Moving on to the second portion of the inquiry, this suit is a relatively straightforward § 1983 action: Fields alleges that he was arrested, questioned in police custody without being given his Miranda rights, and incarcerated, all in violation of his constitutional rights. (DE 1); see, e.g., Lovelace v. Dall, 820 F.2d 223, 226-27 (7th Cir. 1987) (affirming the district court's denial of the plaintiff's motion to appoint counsel in a § 1983 case); Moore v. Wolf, No. 1:12-CV-54, 2013 WL 250620, at *2 (N.D. Ind. Jan. 22, 2013) (observing in a § 1983 case that the difficulty of the plaintiff's claims “cut against” granting his request for counsel (citation omitted)).

         The Seventh Circuit has not articulated “categorical rules regarding the recruitment of counsel, ” but it has “held that a district court abuses its discretion when it does not take note of certain circumstances [that] demand particular judicial consideration.” McCaa v. Hamilton, 893 F.3d 1027, 1032 (7th Cir. 2018) (alteration in original) (citations and internal quotation marks omitted); see James v. Eli, 889 F.3d 320, 327 (7th Cir. 2018). Here, although Fields has stated that he has limited understanding of the applicable law, the circumstances of his case do not warrant recruitment of counsel. See McCaa, 893 F.3d at 1033-34; James, 889 F.3d at 327. This case is at the pleading stage, and the Court has stayed any discovery pending the resolution of a potential jurisdictional issue. (See DE 32); cf. Moore, 2013 WL 250620, at *2 (“Accordingly, the facts of this case are within Moore's particular knowledge, and thus the task of any discovery, if necessary, is apt to be quite limited and certainly not insurmountable.”).

         Additionally, although Fields claims that he has limited access to the law library at the Grant County Jail, his allegedly limited access to the law library does not appear to inhibit his ability to litigate at this time. See Perez v. Fenoglio, 792 F.3d 768, 785 (7th Cir. 2015) (“Those considerations change as a case progresses to discovery or trial. Taking depositions, conducting witness examinations, applying the rules of evidence, and making opening statements are beyond the ability of most pro se litigants to successfully carry out.”); cf. McCaa, 893 F.3d at 1032 (noting that the district court erred in not addressing the incarcerated plaintiff's difficulty in conducting discovery and accessing materials regarding his “deliberate indifference claims”).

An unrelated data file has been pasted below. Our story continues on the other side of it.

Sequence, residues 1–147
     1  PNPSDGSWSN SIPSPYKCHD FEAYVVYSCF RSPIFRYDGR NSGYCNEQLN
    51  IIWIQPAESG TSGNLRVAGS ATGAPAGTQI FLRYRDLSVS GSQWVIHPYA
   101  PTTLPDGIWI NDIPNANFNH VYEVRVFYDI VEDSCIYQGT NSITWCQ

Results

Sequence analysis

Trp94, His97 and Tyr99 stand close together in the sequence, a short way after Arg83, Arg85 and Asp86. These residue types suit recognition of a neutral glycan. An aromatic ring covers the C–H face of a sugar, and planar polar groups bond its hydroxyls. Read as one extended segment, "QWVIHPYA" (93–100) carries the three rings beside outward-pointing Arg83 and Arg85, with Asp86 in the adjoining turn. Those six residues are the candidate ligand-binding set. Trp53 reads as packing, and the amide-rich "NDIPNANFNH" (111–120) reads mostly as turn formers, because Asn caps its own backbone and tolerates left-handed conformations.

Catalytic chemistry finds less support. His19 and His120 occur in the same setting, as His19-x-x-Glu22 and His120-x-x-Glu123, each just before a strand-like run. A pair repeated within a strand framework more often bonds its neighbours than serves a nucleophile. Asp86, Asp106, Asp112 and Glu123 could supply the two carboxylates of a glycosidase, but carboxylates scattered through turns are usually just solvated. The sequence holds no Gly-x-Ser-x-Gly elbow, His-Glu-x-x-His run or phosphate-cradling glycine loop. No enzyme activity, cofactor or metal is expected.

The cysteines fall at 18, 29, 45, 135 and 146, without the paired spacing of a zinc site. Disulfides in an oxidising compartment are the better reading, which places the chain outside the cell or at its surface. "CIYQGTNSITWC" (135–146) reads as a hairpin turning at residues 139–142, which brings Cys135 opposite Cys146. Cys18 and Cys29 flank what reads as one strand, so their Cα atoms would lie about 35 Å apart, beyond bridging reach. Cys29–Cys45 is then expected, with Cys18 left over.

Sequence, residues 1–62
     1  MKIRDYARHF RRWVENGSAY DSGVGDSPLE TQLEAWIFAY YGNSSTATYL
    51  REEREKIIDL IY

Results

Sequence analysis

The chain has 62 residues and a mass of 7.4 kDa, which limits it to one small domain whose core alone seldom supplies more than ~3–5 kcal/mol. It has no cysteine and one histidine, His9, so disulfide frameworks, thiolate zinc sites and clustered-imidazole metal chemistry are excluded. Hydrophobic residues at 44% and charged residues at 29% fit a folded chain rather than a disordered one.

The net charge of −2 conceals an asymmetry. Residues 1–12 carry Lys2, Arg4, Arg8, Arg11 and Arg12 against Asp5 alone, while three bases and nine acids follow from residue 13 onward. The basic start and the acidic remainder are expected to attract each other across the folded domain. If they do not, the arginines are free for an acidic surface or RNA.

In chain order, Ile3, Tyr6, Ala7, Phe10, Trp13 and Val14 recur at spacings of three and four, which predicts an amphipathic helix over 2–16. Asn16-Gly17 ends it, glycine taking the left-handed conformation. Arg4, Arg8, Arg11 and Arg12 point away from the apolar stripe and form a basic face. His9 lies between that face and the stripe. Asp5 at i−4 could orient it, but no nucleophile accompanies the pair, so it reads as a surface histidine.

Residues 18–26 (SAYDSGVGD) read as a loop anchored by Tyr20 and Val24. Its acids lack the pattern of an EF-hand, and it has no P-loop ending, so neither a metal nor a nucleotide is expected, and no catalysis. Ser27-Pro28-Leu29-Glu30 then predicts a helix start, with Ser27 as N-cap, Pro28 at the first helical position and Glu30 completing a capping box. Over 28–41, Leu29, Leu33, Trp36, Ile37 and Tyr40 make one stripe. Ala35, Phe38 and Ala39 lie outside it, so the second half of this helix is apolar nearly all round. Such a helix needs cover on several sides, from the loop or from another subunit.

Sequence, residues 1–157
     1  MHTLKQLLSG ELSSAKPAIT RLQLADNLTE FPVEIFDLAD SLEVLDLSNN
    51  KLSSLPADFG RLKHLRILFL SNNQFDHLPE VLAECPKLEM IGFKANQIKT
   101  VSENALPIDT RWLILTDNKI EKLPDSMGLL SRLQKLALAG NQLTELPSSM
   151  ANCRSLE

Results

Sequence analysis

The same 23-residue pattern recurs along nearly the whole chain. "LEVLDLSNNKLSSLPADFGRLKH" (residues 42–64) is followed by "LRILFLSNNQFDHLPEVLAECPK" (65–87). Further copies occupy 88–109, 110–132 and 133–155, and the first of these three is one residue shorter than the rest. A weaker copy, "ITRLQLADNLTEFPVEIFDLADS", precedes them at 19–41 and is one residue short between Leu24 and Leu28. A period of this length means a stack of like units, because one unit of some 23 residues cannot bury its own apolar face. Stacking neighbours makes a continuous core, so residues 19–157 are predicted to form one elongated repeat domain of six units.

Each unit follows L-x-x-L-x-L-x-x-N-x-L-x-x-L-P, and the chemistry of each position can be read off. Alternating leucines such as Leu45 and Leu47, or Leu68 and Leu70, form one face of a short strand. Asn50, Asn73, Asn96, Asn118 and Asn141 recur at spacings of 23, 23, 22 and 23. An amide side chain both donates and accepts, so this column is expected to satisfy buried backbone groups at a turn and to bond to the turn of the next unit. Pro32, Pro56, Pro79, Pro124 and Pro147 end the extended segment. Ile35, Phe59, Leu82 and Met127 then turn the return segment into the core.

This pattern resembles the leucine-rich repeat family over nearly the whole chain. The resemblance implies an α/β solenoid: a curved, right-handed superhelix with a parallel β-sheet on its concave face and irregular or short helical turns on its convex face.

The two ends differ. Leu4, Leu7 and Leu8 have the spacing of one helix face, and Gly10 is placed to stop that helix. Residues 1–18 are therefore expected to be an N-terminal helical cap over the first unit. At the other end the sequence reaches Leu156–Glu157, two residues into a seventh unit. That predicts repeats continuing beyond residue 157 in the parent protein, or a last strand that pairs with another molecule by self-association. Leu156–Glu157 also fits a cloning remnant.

Indeed, at the preliminary pretrial conference, Fields was able to articulate the events leading up to his filing this case, the claims that he is advancing, and the relief that he seeks. Furthermore, Fields has adequately articulated his claims in a complaint (DE 1) and filed a document to explain his failure to appear a telephonic hearing (DE 29; see also DE 25). Thus, it is evident from Fields's filings and his participation in the preliminary pretrial conference that he is assertive and possesses adequate communication skills, certainly at a sufficient level to proceed pro se at this stage of the case. See, e.g., Pruitt, 503 F.3d at 663 (“[A]s the case moves beyond the pleading stage, into discovery, and closer to trial, the plaintiff will face an increasingly complex set of demands.”).

         C. Conclusion

         In sum, Fields appears to be competent and fully capable of representing himself in this suit, at least at this stage of the case. Perez, 792 F.3d at 785. Consequently, Fields's request for court-appointed counsel (DE 21; DE 33) is DENIED. See Mungiovi v. Chi. Hous. Auth., No. 94 C 6663, 1994 WL 735413, at *2 (N.D. Ill.Dec. 19, 1994) (“[The] court's general practice is to consider appointment of counsel if and when it appears ...